A woman suspected of being a witch was beaten by a mob and died last week in Guarujá, Brazil, near the country's largest city, São Paulo. The attack was prompted by suspicions the woman was involved in a kidnapping in the area, following a Facebook post by a local news outlet, according to a report from Folha de São Paulo, the country's largest newspaper.
"Housewife Fabiane Maria de Jesus, 33, died last Monday (May 5) after being beaten by a group of people from Guarujá two days before," the report said. "The lynching ... was motivated by suspicion that Fabiane was connected to child abductions in the region thought to be linked to black magic rituals. According to Military Police, however, there is no indication that she had committed such a crime."
A video of the brutal attack shows a crowd gathered around the bound and unconscious woman. An attacker grabs de Jesus by her hair and slams her head into the ground. Then, another person on a bicycle ties one of her hands with a rope and drags her as the crowd cheers and throws trash at the dying woman. Police are investigating, and several people have been arrested in connection with the incident. [What's Witchcraft? 6 Misconceptions About Wiccans]
According to the Folha de São Paulo report, the attack was sparked by a warning shared through social media. The newspaper reported that the Facebook page for a local tabloid-style news outlet spread an alert claiming that a woman had been seen abducting children, and many believed her motivation was witchcraft. A sketch of the woman the news outlet claimed was a child abductor was included with the alert, and resembled the victim. Administrators for the Facebook page have since released a statement denying responsibility for the attack and stating that the page had merely passed along the unfounded rumors as a public service and never claimed the child-abduction rumor was true.
Witchcraft and black magic rituals are often assumed to involve human sacrifice (especially that of "innocents" such as children and virgins), usually using blood or organs for spells and rituals. Rumors of organ theft are not uncommon in Brazil. Anthropologist Nancy Scheper-Hughes, who has studied organ-theft rumors, noted that in many poor areas of the world — such as in the slums surrounding Brazil's major cities — residents sometimes avoid treatment in public hospitals out of fear that their organs may be taken. [15 Crazy Urban Legends Debunked]
In the book "Organ Theft Legends" (University Press of Mississippi, 2005) by Veronique Campion-Vincent, Scheper-Hughes describes rumors and urban legends spread throughout Brazil of "the abduction and mutilation of young and healthy shantytown residents (especially children), who are eyed greedily for their body parts, especially eyes, heart, lungs and liver. ... The children would be nabbed and shoved into trunks of vans. Some were murdered and mutilated for their organs, and their discarded bodies were found by the side of the road, or were tossed outside the walls of municipal cemeteries."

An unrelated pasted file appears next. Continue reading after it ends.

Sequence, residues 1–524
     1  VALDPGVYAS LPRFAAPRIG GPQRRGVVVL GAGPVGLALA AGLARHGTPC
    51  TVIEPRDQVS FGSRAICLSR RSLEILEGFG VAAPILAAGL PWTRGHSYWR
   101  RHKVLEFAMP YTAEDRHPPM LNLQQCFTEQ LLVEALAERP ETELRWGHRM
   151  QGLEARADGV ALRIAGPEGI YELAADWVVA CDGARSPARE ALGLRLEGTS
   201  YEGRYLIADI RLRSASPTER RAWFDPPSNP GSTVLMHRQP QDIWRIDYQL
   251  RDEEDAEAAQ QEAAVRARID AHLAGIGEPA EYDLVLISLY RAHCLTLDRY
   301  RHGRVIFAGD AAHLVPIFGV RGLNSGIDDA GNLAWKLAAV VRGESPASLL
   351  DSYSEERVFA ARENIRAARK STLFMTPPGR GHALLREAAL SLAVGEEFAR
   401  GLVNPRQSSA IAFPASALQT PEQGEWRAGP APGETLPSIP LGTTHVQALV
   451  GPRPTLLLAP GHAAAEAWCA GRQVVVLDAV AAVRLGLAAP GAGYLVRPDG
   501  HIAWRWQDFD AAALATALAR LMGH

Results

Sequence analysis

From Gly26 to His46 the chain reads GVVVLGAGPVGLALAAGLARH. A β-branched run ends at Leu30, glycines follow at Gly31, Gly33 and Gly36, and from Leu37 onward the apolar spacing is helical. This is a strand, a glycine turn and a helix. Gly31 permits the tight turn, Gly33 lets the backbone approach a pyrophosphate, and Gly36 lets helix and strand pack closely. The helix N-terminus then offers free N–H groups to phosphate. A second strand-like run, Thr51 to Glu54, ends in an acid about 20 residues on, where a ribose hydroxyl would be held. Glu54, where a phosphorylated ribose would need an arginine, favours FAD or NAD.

Sometimes, the rumors claim that the organs are sold for transplant in rich foreigners' children; other times — as in this recent case in Guarujá — the organs are said to be used in witchcraft. These rumors also circulate in some parts of Africa, where albinos have been hacked to death because of a popular belief that their body parts contain powerful magical properties. A 2009 Red Cross report titled "Through Albino Eyes" found that hundreds of people have been killed under the unfounded belief of magic being tied to their bodies, and up to 10,000 African albinos live in hiding, fearful of being attacked for their body parts.
While many people think of witch hunts as relics of the distant and superstitious past, belief in magic is widespread throughout the world. Magical thinking, such as attributing ordinary events and random coincidences to supernatural influence, is common. Human brains are hardwired to seek cause-and-effect patterns in the world, even when they don't exist. When something good happens, we often attribute it to prayer, good luck or superstition (such as carrying a lucky penny); when something bad happens, we may blame others who we believe have cursed us.
When wild rumors are given credence through social media and are accepted without question or evidence, the results can be tragic — something to keep in mind the next time you share, like or tweet a sensational news item warning of a threat.
Benjamin Radford is deputy editor of "Skeptical Inquirer" science magazine and author of seven books, including "The Martians Have Landed! A History of Media Panics and Hoaxes." His website is www.BenjaminRadford.com.